For immediate release:
June 2, 2015
INDIANAPOLIS - A group of Indiana lawmakers will spend this summer studying a proposal from State Rep. B. Patrick Bauer (D-South Bend) that would enable DNA samples to be collected from anyone arrested on a felony charge, legislation that has proven to be instrumental in both solving crimes and clearing innocent people in other states.
Members of the Legislative Council –made up of Democratic and Republican leaders in both the Indiana House and Senate – agreed to send the proposal for additional study by the Interim Study Committee on Corrections & Criminal Code. Once that study is complete, committee members will decide whether to propose legislation on the idea for consideration in the 2016 session of the Indiana General Assembly.
Bauer initially proposed the idea in House Bill 1551, a measure that did not advance in the 2015 session. However, leaders found the idea behind the legislation compelling enough to ask for added study.
“While all 50 states participate in a national DNA database (called the COmbined DNA Index System or CODIS), a growing number of states have chosen to expand their abilities to solve and prevent crimes by allowing law enforcement officers to collect a DNA sample when a felony suspect is booked, then including that information in the state’s CODIS database,” Bauer said.
“The information can then be checked against the database profiles of individuals who have been previously arrested of crimes or convicted of them to see if there are any matches,” he continued. “If there is a match, the information is passed along to investigators to determine if additional charges can be filed. If there are no matches, and the person is acquitted of felony charges or the charges are dropped, then the DNA sample will be expunged from the database.”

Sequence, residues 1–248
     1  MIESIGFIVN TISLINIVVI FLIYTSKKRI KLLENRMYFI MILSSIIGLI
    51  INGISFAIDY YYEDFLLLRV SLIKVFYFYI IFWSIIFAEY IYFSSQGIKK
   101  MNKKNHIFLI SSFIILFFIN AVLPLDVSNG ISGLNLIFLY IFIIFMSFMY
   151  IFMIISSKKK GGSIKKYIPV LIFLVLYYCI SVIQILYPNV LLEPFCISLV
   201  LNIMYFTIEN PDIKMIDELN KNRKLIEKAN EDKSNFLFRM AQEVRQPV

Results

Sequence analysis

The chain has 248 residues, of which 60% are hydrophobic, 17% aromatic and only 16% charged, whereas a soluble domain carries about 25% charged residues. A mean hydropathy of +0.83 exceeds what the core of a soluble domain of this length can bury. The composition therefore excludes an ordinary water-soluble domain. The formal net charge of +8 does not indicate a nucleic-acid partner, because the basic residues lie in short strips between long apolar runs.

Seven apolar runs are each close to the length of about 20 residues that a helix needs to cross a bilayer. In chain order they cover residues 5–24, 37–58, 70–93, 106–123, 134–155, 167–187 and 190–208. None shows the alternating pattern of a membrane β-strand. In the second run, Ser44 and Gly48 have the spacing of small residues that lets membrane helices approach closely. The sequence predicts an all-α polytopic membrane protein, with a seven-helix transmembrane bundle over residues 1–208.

Bauer noted that a 2013 U.S. Supreme Court ruling determined that requiring a forensic DNA sample upon felony arrest preserves constitutional rights and is a reasonable and legitimate police booking procedure, much like fingerprinting or photographing someone who has been arrested.
“The advent of forensic DNA collection has proven to be extremely valuable in identifying people who may have committed multiple crimes,” Bauer said. “At the same time, it has been proven to help exonerate people falsely committed of crimes. Additionally, an independent study by a University of Virginia economist showed that more than $21 billion was saved across the United States in one year alone by expanding U.S. databases to include more offender profiles.
“A summer study of this issue will enable us to learn more of the value in implementing this change, as well as addressing concerns about privacy,” he continued. “I look forward to taking part in this debate in the months to come.”
Members of the interim study committee looking at Bauer’s proposal will be named in the weeks ahead.